European regulators under fire over Italian bank bailouts

German Finance Minister Wolfgang Schaeuble on Monday warned that eurozone banking rules required reform, amid criticism that recent rescues of Italian banks failed to heed the lessons of the financial crisis.

European regulators under fire over Italian bank bailouts
German Finance Minister Wolfgang Schaeuble pictured during last week's G20 summit in Hamburg. Photo: Christina Sabrowsky / dpa / AFP

European regulators have come under fire for allowing Rome to use taxpayer money to save two small Italian banks, Veneto Banca and Banca Popolare di Vicenza.

The EU-approved operation could cost the Italian state up to 17 billion euros ($19 billion).

“In light of recent events, we need to look closely at whether our tools are sufficient, if they are effective and if we can do more,” said Schaeuble, the eurozone's most influential finance minister, as he arrived for talks with his counterparts from the 19-country single currency bloc.

Schaeuble said he regretted the disparity between national rules and the far tougher European rules that only apply to eurozone's biggest lenders.

“We must have a discussion on how we can change that in the future,” he said.

In the bailout, the two failing lenders' healthy assets are to be sold to Intesa Sanpaolo, Italy's strongest bank, for a symbolic price of one euro.

Last week Brussels also approved the bailout of another troubled Italian bank, Monte dei Paschi di Siena (BMPS), in a 5.4-billion-euro deal.

Critics say the bailouts run against the spirit of EU rules that are meant to protect taxpayers from being landed with the price of banking failures.

“We need a situation where everyone follows the rules,” said Austrian Finance Minister Hans Joerg Schelling before the ministers were to review the rescue with EU officials.

Eurogroup head Jeroen Dijsselbloem said the eurozone would table fresh proposals on the EU's so-called banking union by the end of the year.

“There are huge problems (in Italy) and we need to make sure that these type of problems don't occur in the future,” said Dijsselbloem, who is also Dutch finance minister.

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Italy expands €200 payment scheme and introduces public transport bonus

Italy's government will extend its proposed one-time €200 benefit to more people and introduce a €60 public transport payment, Italian media reported on Thursday.

Italy expands €200 payment scheme and introduces public transport bonus

Seasonal workers, domestic and cleaning staff, the self-employed, the unemployed and those on Italy’s ‘citizens’ income’ will be added to the categories of people in Italy eligible for a one-off €200 payment, ministers reportedly announced on Thursday evening.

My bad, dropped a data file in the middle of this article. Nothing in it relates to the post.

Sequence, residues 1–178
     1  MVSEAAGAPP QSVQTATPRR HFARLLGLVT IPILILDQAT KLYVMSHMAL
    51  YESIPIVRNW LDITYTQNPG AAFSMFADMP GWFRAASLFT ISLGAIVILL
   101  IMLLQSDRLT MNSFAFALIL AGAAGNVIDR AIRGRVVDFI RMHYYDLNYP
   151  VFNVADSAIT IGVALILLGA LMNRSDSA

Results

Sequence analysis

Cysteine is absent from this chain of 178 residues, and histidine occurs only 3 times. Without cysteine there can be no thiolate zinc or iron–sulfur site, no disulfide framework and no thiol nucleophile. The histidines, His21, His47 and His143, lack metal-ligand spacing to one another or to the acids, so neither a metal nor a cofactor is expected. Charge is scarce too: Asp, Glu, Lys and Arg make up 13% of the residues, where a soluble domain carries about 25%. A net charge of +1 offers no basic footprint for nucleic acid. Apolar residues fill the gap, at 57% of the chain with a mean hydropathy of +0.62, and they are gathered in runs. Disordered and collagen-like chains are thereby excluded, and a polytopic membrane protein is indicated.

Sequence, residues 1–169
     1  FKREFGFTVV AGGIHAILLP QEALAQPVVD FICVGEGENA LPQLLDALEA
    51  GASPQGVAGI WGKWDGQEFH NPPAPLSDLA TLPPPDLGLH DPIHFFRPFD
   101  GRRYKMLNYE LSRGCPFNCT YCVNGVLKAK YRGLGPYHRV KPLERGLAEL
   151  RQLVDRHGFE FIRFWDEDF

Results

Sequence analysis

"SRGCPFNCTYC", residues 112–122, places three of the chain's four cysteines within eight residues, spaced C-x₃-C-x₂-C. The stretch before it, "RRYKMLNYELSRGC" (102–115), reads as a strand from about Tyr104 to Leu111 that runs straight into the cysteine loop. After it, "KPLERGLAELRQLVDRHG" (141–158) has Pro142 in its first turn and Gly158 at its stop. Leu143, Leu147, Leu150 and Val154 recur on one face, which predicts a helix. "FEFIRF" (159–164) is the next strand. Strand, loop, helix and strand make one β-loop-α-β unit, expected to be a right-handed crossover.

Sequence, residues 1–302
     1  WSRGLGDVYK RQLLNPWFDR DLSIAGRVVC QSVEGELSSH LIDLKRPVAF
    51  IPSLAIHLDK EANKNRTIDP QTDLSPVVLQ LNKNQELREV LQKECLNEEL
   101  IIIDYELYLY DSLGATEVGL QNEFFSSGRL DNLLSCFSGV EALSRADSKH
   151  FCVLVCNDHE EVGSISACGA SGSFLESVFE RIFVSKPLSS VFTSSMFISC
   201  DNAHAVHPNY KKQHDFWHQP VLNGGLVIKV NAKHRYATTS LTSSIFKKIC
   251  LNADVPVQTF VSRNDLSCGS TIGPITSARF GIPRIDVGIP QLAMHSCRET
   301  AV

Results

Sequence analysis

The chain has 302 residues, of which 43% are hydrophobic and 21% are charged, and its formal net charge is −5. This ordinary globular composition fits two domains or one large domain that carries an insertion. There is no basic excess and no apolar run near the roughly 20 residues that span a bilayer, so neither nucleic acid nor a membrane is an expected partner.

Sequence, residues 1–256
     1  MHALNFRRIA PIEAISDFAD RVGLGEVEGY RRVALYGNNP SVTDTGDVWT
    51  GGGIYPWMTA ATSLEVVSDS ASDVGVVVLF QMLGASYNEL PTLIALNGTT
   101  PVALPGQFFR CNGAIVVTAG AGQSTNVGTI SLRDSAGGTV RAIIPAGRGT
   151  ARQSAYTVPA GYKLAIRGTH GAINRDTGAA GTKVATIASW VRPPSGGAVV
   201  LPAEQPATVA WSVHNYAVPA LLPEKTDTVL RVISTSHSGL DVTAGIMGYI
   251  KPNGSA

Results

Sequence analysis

The one-time bonus, announced earlier this week as part of a package of financial measures designed to offset the rising cost of living, was initially set to be for pensioners and workers on an income of less than €35,000 only.

However the government has now agreed to extend the payment to the additional groups following pressure from Italy’s labour, families, and regional affairs ministers and representatives of the Five Star Movement, according to news agency Ansa.

Pensioners and employees will reportedly receive the €200 benefit between June and July via a direct payment into their pension slip or pay packet.

For other groups, a special fund will be created at the Labour Ministry and the procedures for claiming and distributing payments detailed in an incoming decree, according to the Corriere della Sera news daily.

One new measure introduced at the cabinet meeting on Thursday is the introduction of a one-time €60 public transport bonus for students and workers earning below €35,000. The bonus is reportedly designed to encourage greater use of public transport and will take the form of an e-voucher that can be used when purchasing a bus, train or metro season pass.

Other provisions reportedly proposed in the energy and investment decree (decreto energia e investimenti), which is still being adjusted and amended, include extending energy bill discounts, cutting petrol excise duty and rolling on the deadline to claim Italy’s popular ‘superbonus 110’.

The €14 billion aid package, intended to lessen the economic impact of the war in Ukraine, will “fight the higher cost of living” and is “a temporary situation”, Prime Minister Mario Draghi has said.

The Local will report further details of the payment scheme once they become available following final approval of the decree.